The Great Depression
The Great Depression or the Stock market crash of 1929 started in 1929 and ended in the 1930s. While the Great Depression hit North American and Europe the hardest, other cities worldwide were affected just as much. It was the start of the Second World War that put an end to the devastating effects caused by the Great Depression.
The Great Depression Causes
Causes of the Great Depression have been discussed by scholars and economists every since. Life during the Great Depression was hard and effects of the Great Depression lasted way after the World War II started.
Unemployment during the great depression was at record high. Many people who remember the time of the Great Depression still worry when investing in the stock market nowadays.
Although, scholars have not totally agreed on the causes of the Great Depression, there are enough theories about why the Great Depression occurred, whether the Great Depression will occur again or how to prevent an event similar to the Great Depression of 1929 from happening again.
Among theories of what caused the Great Depression are: orthodox classical economics theory of the Great Depression, monetarist and Keynesian view on the Great Depression, Austrian economic and neoclassical economic theory of the causes of the Great Depression, Structural theories of the Great Depression, and so forth.
Changes over time in the nature of employee pension plans
Changes over time in the nature of employee pension plans have encouraged people to learn about, and eventually accept, stocks as investments. The most revolutionary change in these institutions in the United States has been the expansion of defined contribution pension plans at the expense of defined benefit plans.
Growth spurt in the mutual fund industry
The stock market boom has coincided with a peculiar growth spurt in the mutual fund industry and a proliferation of advertising for mutual funds. In 1982, there were 6.2 million equity mutual fund shareholder accounts in the United States, about one for every ten U.S. families. By 1998, there were 119.8 million such shareholder accounts, or nearly two accounts per family.
A lower inflation rate
High inflation is perceived as a sign of economic disarray, of a loss of basic values, and a disgrace to the nation, an embarrassment before foreigners. Low inflation is viewed as a sign of economic prosperity, social justice, and good government. It is not surprising, therefore, that a lower inflation rate boosts public confidence, and hence stock market valuation.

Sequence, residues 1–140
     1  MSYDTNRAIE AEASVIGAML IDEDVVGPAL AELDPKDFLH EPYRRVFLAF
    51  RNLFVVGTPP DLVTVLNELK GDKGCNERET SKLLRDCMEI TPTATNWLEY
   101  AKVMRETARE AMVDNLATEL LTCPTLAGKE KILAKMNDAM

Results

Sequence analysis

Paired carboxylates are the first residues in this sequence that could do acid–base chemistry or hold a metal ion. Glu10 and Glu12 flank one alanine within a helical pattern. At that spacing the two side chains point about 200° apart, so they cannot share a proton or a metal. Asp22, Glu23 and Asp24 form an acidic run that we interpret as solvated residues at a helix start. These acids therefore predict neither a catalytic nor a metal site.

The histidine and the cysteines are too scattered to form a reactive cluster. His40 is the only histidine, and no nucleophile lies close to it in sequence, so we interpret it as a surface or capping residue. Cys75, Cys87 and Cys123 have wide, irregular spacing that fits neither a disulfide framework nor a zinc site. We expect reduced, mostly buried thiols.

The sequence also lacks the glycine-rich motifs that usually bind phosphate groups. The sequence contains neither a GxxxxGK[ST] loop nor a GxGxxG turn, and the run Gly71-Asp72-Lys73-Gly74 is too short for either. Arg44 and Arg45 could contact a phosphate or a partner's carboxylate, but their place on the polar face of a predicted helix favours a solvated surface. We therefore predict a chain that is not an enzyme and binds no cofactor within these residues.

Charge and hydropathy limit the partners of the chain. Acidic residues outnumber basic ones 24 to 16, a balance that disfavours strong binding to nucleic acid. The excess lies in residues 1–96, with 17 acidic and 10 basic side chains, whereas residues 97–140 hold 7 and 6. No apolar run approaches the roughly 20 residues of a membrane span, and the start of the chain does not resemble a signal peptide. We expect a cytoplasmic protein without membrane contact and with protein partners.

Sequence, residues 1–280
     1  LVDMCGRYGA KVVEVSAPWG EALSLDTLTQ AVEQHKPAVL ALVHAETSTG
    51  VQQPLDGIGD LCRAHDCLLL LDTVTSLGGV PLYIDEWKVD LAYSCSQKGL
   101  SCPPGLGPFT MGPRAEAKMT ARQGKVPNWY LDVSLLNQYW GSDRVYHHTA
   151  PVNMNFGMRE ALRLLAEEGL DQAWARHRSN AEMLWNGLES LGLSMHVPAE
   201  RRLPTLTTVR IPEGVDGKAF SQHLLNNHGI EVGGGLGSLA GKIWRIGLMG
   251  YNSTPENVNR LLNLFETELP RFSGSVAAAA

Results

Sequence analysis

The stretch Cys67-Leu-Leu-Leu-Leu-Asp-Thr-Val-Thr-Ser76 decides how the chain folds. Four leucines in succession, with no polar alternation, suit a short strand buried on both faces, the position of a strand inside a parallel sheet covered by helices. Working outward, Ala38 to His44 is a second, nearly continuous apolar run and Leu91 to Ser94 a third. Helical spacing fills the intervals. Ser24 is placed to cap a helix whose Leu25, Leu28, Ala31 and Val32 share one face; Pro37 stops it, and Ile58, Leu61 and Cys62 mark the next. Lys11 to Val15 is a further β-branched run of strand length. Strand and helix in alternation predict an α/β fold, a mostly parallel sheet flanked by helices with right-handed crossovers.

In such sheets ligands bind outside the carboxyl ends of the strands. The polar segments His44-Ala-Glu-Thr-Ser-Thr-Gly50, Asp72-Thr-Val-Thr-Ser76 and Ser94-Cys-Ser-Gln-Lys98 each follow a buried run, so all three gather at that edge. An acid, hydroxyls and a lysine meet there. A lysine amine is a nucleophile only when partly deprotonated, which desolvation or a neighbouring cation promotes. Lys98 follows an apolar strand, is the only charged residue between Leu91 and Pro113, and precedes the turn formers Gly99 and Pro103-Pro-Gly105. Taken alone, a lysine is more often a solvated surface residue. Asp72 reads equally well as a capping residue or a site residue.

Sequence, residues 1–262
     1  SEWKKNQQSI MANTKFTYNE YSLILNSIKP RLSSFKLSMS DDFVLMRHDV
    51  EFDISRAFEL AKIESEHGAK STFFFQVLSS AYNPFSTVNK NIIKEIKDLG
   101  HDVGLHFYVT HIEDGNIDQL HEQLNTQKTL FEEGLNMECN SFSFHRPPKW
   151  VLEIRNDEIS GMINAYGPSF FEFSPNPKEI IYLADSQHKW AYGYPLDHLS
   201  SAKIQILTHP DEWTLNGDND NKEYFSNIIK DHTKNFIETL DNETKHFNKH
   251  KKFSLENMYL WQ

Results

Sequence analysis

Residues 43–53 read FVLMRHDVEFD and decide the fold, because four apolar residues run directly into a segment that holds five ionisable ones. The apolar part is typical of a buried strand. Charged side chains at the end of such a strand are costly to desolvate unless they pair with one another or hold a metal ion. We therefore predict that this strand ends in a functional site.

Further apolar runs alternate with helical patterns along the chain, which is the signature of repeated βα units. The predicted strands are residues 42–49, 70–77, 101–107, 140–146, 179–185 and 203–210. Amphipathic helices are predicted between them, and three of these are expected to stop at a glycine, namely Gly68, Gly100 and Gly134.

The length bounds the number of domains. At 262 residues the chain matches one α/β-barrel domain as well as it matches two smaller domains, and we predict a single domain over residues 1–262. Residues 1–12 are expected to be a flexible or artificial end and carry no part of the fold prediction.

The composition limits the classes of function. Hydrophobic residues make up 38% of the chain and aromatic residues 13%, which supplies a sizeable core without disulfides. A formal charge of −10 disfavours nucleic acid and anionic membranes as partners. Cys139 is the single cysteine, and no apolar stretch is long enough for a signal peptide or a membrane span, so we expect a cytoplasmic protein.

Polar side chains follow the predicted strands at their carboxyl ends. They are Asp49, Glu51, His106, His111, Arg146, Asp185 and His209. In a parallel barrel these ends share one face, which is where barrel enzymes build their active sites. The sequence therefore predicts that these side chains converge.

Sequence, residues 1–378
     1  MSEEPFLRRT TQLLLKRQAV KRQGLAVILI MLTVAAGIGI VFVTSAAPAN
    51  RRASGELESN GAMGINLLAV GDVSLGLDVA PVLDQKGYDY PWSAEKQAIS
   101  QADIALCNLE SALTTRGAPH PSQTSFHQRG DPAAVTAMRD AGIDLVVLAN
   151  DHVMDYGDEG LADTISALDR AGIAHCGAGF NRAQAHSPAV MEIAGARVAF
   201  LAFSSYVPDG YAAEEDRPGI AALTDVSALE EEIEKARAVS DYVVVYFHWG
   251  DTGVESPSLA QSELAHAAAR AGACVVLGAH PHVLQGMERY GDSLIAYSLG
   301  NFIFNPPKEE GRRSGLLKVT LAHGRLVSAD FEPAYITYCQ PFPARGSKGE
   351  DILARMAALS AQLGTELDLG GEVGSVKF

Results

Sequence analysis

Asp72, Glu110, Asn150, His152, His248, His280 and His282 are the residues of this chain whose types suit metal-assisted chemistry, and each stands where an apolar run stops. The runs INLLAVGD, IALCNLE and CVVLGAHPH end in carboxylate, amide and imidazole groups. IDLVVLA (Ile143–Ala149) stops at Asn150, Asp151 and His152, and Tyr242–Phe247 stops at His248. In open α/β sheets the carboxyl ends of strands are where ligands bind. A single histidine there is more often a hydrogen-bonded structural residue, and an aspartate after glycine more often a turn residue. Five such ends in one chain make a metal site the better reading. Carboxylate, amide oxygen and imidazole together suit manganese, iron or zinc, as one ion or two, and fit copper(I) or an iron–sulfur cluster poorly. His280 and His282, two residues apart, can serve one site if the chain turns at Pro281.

Higher equity turnover rate
The higher equity turnover rate may be symptomatic of increased interest in the market. According to a study by the SEC, there were 3.7 million online accounts in the United States in 1997; by 1999 there were 9.7 million such accounts.
Dramatic increase in gambling
There has been a dramatic increase in gambling opportunities in the United States in recent years.
This section of the Great Depression website examines factors affecting the market during stock market crashes including the stock market crash of 1929. The Great Depression was by no means caused by any single factor.
It is all the factors together that caused the stock market crash of 1929. Set forth below is a list of factors that may help explain the present speculative market, mostly factors that have had an effect on the market that are not warranted by rational analysis of economic fundamentals:
Internet and the World Wide Web
Internet and the World Wide Web have invaded investors’ homes during the second half of the 1990s, making the population intimately conscious of the pace of technological change.
The U.S. appears to occupy a leadership position
In many areas of activity, the U.S. appears to occupy a leadership position, and therefore it starts to seem only natural that confidence in the premier capitalist system would translate into confidence in the market, and that the U.S. stock market should be the most highly valued in the world.
Significant rise in materialistic values
The bull market has been accompanied by a significant rise in materialistic values. It is plausible that materialistic feelings might influence investors’ demand for stocks, which have long held out at least the possibility of amassing substantial and quick riches.
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So this is the Case Study of The Great Depression of 1929.
There you go guys, now you know what happened at that time and if you are wondering :
What happened after the Great Depression of 1929? Then Check this article.
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